• Mass Spectrometer Proven Effective and Accurate in Determining Flare Gas Heat Values

Measurement and Testing

Mass Spectrometer Proven Effective and Accurate in Determining Flare Gas Heat Values

Oct 11 2016

By January 2019, petroleum refiners will need to comply with new US Environmental Protection Agency flare stack combustion rules that includes additional monitoring and analysis requirements, making it necessary for operators to quickly and accurately determine the heat values of flare stack gases.

Refiners are vetting various technologies for analysing and monitoring flare stack gases to narrow the field of applicable and reliable technologies ahead of that deadline. Among them is mass spectrometry as utilised by the ProMaxion quadrupole process mass spectrometer from AMETEK Process Instruments (USA).

The capabilities of the ProMaxion versus competitive technologies already were field demonstrated by a leading Southern California refinery that needed to meet similar regulations that were promulgated by the California Air Quality Management Board. That field experience demonstrated that the ProMaxion offered more detailed and relevant data faster than gas chromatography and that it provided BTU numbers that were the equivalent of those provided by a calorimeter, but with greater specificity.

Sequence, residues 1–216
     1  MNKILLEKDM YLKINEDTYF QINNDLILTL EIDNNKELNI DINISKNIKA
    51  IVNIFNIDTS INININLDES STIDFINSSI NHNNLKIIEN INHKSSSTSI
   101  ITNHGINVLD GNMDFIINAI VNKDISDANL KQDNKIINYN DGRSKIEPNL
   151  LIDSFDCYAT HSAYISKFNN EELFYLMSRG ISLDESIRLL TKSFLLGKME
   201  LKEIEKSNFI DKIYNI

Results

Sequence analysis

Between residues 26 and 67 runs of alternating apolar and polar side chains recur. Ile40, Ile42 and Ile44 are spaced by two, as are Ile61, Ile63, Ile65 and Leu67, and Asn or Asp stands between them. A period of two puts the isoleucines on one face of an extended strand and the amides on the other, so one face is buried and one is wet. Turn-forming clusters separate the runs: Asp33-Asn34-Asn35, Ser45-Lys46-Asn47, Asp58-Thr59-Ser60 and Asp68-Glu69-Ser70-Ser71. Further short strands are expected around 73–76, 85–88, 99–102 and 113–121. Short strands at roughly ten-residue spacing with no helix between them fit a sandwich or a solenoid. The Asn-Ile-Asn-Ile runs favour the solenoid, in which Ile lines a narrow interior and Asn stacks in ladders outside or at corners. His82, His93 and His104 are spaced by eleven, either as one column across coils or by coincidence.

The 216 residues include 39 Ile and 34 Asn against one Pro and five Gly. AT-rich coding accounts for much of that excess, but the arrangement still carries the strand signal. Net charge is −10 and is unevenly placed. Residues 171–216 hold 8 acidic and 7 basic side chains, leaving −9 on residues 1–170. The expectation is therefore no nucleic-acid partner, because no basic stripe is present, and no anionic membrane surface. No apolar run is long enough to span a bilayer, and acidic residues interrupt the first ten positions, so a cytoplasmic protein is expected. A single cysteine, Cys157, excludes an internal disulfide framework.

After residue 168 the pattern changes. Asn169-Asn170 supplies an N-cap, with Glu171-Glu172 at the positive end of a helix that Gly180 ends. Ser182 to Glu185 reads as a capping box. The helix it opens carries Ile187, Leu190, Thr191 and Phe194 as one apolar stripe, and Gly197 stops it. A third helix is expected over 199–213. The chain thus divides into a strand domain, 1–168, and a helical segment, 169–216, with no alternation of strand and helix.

The ProMaxion had the speed and specificity necessary to accurately calculate the appropriate amount of make-up gas for complete combustion. The ProMaxion was set up to monitor and quantify 16 components in the flare gas stream, including H2, N2, methane, ethane, propane, n-butane, i-butane and pentanes among others.

Taking advantage of its analysis speed, the ProMaxion was able to obtain a calculation in less than 10 seconds, which was more than 10 times faster than using a chromatograph.
By modifying the standard process mass spectrometry method of analysis slightly, the
ProMaxion provided fast and accurate BTU content measurement even when
confronted with a widely changing flare gas stream. The analysis technique allowed for
a reduction in calibration complexity, while still providing data that fell comfortably within
the specified error band.

The ProMaxion used ASTM method D 2650-04 (Standard Test Method for Chemical Composition of Gases by Mass Spectrometry) to calculate the concentrations of individual gas components. The resulting data was then converted into the flare gas heat value as described in ASTM D3588-98 (Standard Practice for Calculating Heat Value, Compressibility Factor and Relative Density of Gaseous Fuels). 

Proprietary software provides for easy set-up, operation and calibration, combined with advanced alarm and automation capabilities. The ProMaxion’s modular design and selfdiagnostic capabilities ensure ease of maintenance. The instrument is housed in a
stainless steel enclosure (general purpose or C1, D2 area classification).

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